As a result, if you can’t work things out with your mortgage provider, they might have to foreclose your home. There will also be a record of that on your credit history, making it almost impossible to get another mortgage for the foreseeable future.
Maxing out your credit cards
Are you taking “buy now, pay later” to the extreme? If all your credit cards are at the limit, you aren’t an attractive prospect to most creditors. That’s also true if you only make the minimum repayment amount on your cards each month!
Things get even worse if your interest charges take you over your limit (it does happen)! These days, credit cards are straightforward to get, and it’s often hard to resist using them. It can be harder to pay them back, especially if you’re broke.
Having only one loan or credit card
As strange as it sounds, only having one loan or credit card can hurt your credit score. Why is that, you might be wondering? The reality of the situation is creditors want to see what you’re like paying back several forms of debt. Having only one source of credit doesn’t give companies much to go on when determining your creditworthiness.
How to improve your credit score
There are lots of articles and guides online that describe how you can improve your chances of getting accepted for a loan or credit card. In fact, there are a few here on this very blog! For this post, I’ll outline a few of the most common ways to improve your credit conundrum:
- Check your credit score
Do you actually know what state your credit score is at these days? If the answer’s no, it’s time to do some research. Look at what creditors see by obtaining your credit profile. That way, you can judge what is likely to be causing you problems. Plus, you may even spot mistakes that could be hampering your score.
- Get help from a credit repair company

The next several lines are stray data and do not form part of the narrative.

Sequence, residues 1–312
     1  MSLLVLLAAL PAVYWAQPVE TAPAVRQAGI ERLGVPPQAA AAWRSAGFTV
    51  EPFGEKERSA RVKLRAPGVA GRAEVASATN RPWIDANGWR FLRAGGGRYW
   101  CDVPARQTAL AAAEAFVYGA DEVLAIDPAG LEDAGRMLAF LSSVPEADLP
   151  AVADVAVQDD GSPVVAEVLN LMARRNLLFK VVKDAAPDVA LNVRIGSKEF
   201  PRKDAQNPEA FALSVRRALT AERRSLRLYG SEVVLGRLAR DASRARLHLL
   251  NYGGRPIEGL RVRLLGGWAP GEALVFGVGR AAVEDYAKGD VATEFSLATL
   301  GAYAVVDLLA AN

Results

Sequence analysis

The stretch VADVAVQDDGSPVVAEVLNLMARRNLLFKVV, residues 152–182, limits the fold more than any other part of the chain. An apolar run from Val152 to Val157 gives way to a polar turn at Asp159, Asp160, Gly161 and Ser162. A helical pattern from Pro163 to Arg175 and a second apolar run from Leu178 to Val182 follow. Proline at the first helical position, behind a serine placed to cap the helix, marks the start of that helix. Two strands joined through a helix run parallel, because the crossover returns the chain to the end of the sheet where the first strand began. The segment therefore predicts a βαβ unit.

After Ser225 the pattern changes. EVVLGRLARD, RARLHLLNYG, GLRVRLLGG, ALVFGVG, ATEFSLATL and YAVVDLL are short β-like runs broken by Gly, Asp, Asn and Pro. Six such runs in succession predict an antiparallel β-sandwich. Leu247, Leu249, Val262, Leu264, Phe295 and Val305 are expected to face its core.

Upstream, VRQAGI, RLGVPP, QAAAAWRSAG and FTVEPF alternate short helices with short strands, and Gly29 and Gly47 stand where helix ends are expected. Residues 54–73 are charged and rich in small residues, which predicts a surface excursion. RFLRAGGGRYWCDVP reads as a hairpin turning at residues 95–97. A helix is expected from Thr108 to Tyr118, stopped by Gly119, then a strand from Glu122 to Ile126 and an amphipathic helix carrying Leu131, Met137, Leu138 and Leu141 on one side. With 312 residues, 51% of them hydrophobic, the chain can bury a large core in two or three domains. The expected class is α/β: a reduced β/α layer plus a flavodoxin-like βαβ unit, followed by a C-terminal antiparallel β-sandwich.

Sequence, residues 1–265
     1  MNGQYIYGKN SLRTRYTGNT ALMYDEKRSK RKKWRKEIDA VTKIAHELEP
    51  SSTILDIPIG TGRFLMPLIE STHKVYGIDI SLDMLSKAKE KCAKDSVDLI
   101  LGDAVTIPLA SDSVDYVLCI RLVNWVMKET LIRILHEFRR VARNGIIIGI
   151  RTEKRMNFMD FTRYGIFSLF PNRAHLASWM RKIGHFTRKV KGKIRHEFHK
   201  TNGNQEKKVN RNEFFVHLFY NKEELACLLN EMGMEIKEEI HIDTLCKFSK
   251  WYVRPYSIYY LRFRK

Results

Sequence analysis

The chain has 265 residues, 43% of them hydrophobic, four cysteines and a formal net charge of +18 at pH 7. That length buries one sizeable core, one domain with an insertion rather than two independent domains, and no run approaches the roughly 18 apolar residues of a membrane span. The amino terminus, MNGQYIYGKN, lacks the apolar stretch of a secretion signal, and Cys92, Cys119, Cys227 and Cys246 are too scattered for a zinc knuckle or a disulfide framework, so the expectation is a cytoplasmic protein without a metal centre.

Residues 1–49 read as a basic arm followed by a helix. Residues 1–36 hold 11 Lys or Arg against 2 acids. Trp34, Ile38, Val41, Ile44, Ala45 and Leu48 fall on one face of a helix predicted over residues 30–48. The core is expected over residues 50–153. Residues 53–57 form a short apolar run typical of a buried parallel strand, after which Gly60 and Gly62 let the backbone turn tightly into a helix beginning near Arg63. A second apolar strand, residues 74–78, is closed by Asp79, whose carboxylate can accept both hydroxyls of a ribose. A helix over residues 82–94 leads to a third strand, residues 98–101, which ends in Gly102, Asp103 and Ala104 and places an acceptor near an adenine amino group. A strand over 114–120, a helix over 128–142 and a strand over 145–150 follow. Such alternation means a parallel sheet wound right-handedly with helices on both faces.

Sure, there are some things you can do yourself to improve your credit score. But, there will be times where you need help from some industry professionals. Take a look at these reviews from CreditRepairCompanies and choose a provider that is best placed to handle your particular credit score situation.
- Pay off your debts quicker
Credit cards can often take longer to pay off because of compounded interest getting applied to your accounts each month.
Make a concerted effort to pay off your cards quicker. Even just an extra $10 a month per card on your repayments can make the world of difference!
- Don’t borrow any more money
If you want to buy something expensive, the best thing is to be patient and save the cash for it instead.
Further borrowing will only worsen your credit score and potentially leave you short of available money each month.
- Earn more money
Even if you don’t have much credit, many companies will be reluctant to lend to you if you’re not earning a good salary.
The answer to solving that problem is simple: get a better-paying job! Alternatively, get a second job to do in your spare. Once you can prove that you’ve got more money coming in than going out, you’ll have an improved credit score.
Thank you for reading today’s blog post!